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mousumi chatterjee

Mousumi Chatterjee


Montgomery County Schools

Computer Science teacher at Wheaton High School 




How did you get into this area? 

I started my career as a high school biology teacher. I was happy with my job when my mom’s father suggested that I should study computer science. My dad’s idea was that one must be very good in mathematics to become successful in computer science; I believed the same, so we could not agree with my grandfather. But my grandfather, who was on his deathbed, insisted that I could do it. With a lot of hesitation, I finally I took up a 3-year course in computer science.

I wouldn’t have gotten to where I am today without the advice of my grandfather. He was a visionary. Though teaching remained my passion, I worked as a software developer for some years. Finally, I decided that I belonged in the classroom, where I could teach and convince the new generation that computer science is for everybody. In order to accomplish that, all I need is to understand where the challenges in learning are and how I can help the students to overcome them. 


What are some successes and challenges you have experienced in getting to where you are now?

My main objective is to make every student visualize concepts. I have adopted various strategies to help them do this, one of which is enactment. For example, when teaching loops I enact the whole process with cutouts and props I have made. This has been a successful strategy.  

Another successful method is to play puzzles with code. Students take a while to get used to writing syntax. I give them a problem with the matching code in the form of cutouts, which are not in order. The students are then asked to arrange the code in the right order. This is a great group activity.

It is sometimes difficult to find manipulatives for computer science. Recently, one of my colleagues showed me how we can use pill boxes to explain and manipulate strings and arrays. I have learned that we can become more creative in making or finding our own manipulatives.

The other challenge is finding quality free resources for computer science at a high school level. On the one hand, there are good resources available- but they can be expensive and we cannot expect all school systems to be able to pay for them. On the other, the free versions come with their own set of challenges. We try to mix and match resources, sometimes bringing in home-grown materials such as notes, worksheets, and quizzes to the classroom.


What's going well for you now? Any advice or suggestions for others? What are you looking forward to?

I am proud of all my students who graduate every year from Wheaton High School with an additional certificate from the Academy of Information Technology. Our department gives students the opportunity to complete a four-year academic pathway in Information Technology. They can earn college credits, do a course in cybersecurity, or learn to develop websites. Our students understand that there are many ways they can be successful in computer science and that they don’t have to stick to just one area. I am proud that our school has been able to open many avenues for our students to learn and achieve.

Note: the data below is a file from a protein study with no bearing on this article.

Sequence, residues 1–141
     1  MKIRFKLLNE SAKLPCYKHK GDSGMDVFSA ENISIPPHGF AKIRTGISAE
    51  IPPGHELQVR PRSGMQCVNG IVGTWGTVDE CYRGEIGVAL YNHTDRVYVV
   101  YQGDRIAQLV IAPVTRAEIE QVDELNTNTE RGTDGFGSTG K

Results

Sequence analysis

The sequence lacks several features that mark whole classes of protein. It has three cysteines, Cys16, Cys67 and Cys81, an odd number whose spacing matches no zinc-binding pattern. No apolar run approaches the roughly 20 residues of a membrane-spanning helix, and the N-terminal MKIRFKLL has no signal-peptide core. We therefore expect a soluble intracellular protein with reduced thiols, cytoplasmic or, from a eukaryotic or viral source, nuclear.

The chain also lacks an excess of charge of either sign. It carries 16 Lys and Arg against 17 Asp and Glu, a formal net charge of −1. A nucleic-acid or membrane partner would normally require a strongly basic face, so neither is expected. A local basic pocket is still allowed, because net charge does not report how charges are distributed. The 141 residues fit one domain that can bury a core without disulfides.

I am also proud of my students' participation in competitions, where many of them have won awards and scholarships.

I work with a lot of great minds in my school, as well as across MCPS. Collaboration, discussion, and sharing are important for our collective learning. Discussions such as “What do you do when…?” or “how did you …?” have helped us to resolve learning challenges in many ways. Working solo is not an option; collaboration is an important aspect of educational work culture. I also try to provide opportunities to students to problem-solve and work on projects together. This year, I am the only teacher for Computer Programming 1 in my building. Eventually, I found out that there are many more teachers in this same challenging position and started talking with them. We formed a group across the school system that meets virtually at least once a month to discuss strategies, share resources, and so on. This is working great. My suggestion is to connect with other teachers, even if they're from different schools.

I would love to see computer science included in the curriculum of every school from the elementary level. There are good resources available for beginners, including Raspberry Pi, Arduino, and Micro:bit, all of which provide engaging, hands-on activities for younger students. We cannot expect to be successful in bringing CS to primary education without trying. I also hope that older students will get more internship opportunities while completing computer science courses in high school.

Dianne O'Grady-Cunniff, dogrady at usmd dot edu
Director, Maryland Center for Computing Education

Dr. Megean Garvin, mgarvin at usmd dot edu
Director of Research, Maryland Center for Computing Education

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Maryland Center for Computing Education
3300 Metzerott Rd. Adelphi, MD 20783
MCCE received initial support from the National Science Foundation, (MSP)2 Grant No. 0831970.